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Coronavirus: Why markets are doomed

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Market conversations these days wrestle with a hundred versions of a single question: How bad will it get? Most end with a vague consensus that things will get worse before they get better, but there is still little agreement about how much worse and when markets will start to see through to the other side.

Obviously, the depth and breadth of the crisis depends primarily on how quickly the virus is contained and how soon we will comfortably board a plane once again. Even as we all struggle to catch the first glimpse of sunrise, much will depend on how quickly markets navigate the darkness before the dawn.

Five darker developments will have to play out before we gauge how quickly a recovery takes hold.

Earnings Revisions: If there is little in nature more fearsome than a herd of thundering wildebeest, there is nothing in financial markets more harmful than a herd of sell-side analysts downgrading earnings estimates. While the number of analyst downgrades of S&P 500 stocks now exceeds the levels of 2008, the size of their second quarter downgrades remains relatively modest at around 10%. This time, it’s not just because analysts are almost always behind the curve, it’s mainly due to the level of uncertainty remains exceptionally high. Companies themselves have stopped issuing guidance, which makes stocks still look much cheaper than they actually are.

Ratings Downgrades: Credit analysts have been furiously reassessing debt sustainability of all borrowers large and small. Investment grade firms set a monthly record in March raising $260.7 billion in fresh debt anticipating tough times ahead, but some will be knocked into a “high yield” rating that forces some investors to sell. There have always been ample pools of high yield capital to pick up these “fallen angels,” but they themselves will be under some stress. Downgrades also trigger covenants that force early repayment of some debts or redirect cash flows to more senior creditors. It will be a bumpy ride as these cascade through markets.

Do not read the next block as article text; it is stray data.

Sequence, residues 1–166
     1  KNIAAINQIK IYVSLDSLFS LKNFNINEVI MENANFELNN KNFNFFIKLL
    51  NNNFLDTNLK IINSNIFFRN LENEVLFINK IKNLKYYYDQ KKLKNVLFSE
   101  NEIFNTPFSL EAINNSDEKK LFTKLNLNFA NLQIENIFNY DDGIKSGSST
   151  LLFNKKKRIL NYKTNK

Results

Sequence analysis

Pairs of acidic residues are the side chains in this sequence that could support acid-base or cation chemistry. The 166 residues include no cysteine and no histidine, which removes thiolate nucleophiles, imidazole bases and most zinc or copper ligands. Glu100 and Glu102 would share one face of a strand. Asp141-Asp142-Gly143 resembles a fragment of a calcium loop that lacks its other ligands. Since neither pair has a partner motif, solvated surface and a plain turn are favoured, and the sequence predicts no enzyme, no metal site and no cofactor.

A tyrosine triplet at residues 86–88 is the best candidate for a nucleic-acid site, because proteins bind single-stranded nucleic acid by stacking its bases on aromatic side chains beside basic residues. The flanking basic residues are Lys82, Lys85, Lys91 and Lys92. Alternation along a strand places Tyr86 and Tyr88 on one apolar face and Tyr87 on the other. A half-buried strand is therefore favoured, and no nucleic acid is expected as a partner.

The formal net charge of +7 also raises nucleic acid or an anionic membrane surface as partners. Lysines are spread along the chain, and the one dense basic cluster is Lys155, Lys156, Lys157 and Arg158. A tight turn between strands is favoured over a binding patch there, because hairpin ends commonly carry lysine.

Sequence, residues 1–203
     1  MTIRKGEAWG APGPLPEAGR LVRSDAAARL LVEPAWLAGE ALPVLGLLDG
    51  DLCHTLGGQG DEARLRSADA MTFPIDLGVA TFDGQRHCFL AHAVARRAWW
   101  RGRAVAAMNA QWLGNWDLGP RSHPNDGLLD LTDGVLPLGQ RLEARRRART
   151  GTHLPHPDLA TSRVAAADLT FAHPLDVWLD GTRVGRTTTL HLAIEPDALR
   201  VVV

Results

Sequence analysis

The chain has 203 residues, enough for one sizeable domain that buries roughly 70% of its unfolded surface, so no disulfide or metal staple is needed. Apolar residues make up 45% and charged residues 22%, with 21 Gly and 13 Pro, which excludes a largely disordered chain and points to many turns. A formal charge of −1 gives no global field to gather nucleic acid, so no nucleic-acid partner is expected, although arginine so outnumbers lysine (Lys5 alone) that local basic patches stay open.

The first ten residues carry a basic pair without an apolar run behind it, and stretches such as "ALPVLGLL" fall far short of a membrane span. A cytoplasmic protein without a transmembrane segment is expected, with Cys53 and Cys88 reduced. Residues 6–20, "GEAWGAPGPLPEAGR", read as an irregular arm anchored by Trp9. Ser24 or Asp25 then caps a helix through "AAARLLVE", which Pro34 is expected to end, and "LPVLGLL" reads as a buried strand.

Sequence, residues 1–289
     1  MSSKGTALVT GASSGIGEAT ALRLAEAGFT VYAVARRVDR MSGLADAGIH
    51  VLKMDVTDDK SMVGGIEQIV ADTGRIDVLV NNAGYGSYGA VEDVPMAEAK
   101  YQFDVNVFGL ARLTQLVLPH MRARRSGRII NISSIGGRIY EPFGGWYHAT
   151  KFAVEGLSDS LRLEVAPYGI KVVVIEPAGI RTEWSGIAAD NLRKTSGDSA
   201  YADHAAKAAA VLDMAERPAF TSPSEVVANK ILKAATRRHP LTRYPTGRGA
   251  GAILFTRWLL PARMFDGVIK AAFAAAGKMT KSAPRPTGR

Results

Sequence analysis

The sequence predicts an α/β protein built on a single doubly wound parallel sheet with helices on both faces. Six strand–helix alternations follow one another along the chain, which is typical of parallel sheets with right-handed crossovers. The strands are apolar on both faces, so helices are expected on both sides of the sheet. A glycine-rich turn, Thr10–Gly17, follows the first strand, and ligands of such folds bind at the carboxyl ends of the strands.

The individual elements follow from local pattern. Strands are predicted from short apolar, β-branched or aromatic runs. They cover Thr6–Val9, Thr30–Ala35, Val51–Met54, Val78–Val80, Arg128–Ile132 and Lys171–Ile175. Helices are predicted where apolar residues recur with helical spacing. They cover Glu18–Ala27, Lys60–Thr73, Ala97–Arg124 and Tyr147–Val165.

Bankruptcies: The lucky firms will merely suffer downgrades, but others face bankruptcy or even liquidation. Savvy investors manage to avoid most of these, but there will surely be land mines that explode unexpectedly. It’s hard to imagine a crisis of this magnitude not claiming some large and beloved retailing victims that were already on the ropes. There will also be sovereign debts tore structure across the emerging world as capital retreats at an unprecedented pace. Argentina and Lebanon were basket cases before we had heard of the coronavirus, but others will now join the list. 

Oil: It’s hard to imagine a durable recovery without Russia and Saudi Arabia coming to a lasting arrangement on oil prices. There seems to be a deal in the works that would limit supply and provide a floor on global prices to save large sections of the industry from collapse. Still, financial markets will not fully embrace the recovery until there is confidence that oil has returned to a predictable range. Commodities prices more generally may need to stabilize to signal that global demand has bottomed out. 

Governments: After weeks of denial and delay, world leaders and central banks finally swung into action, but there is much more to do. The $2 trillion package the U.S. Congress approved is more emergency assistance than recovery stimulus. Even so, much will depend on how quickly it can be distributed to small businesses and households. The Fed has been fast and creative in unblocking credit markets, but banks will face further stress as their loan books turn bad. Few have even begun to think about the blow that will soon hit developing countries and their additional needs for aid and debt forgiveness. Durable recovery will also require much more international cooperation. If the G-20 does little more than issue bland statements, investors will have to see more concrete bilateral cooperation on expanding trade, stabilizing markets and boosting investment.




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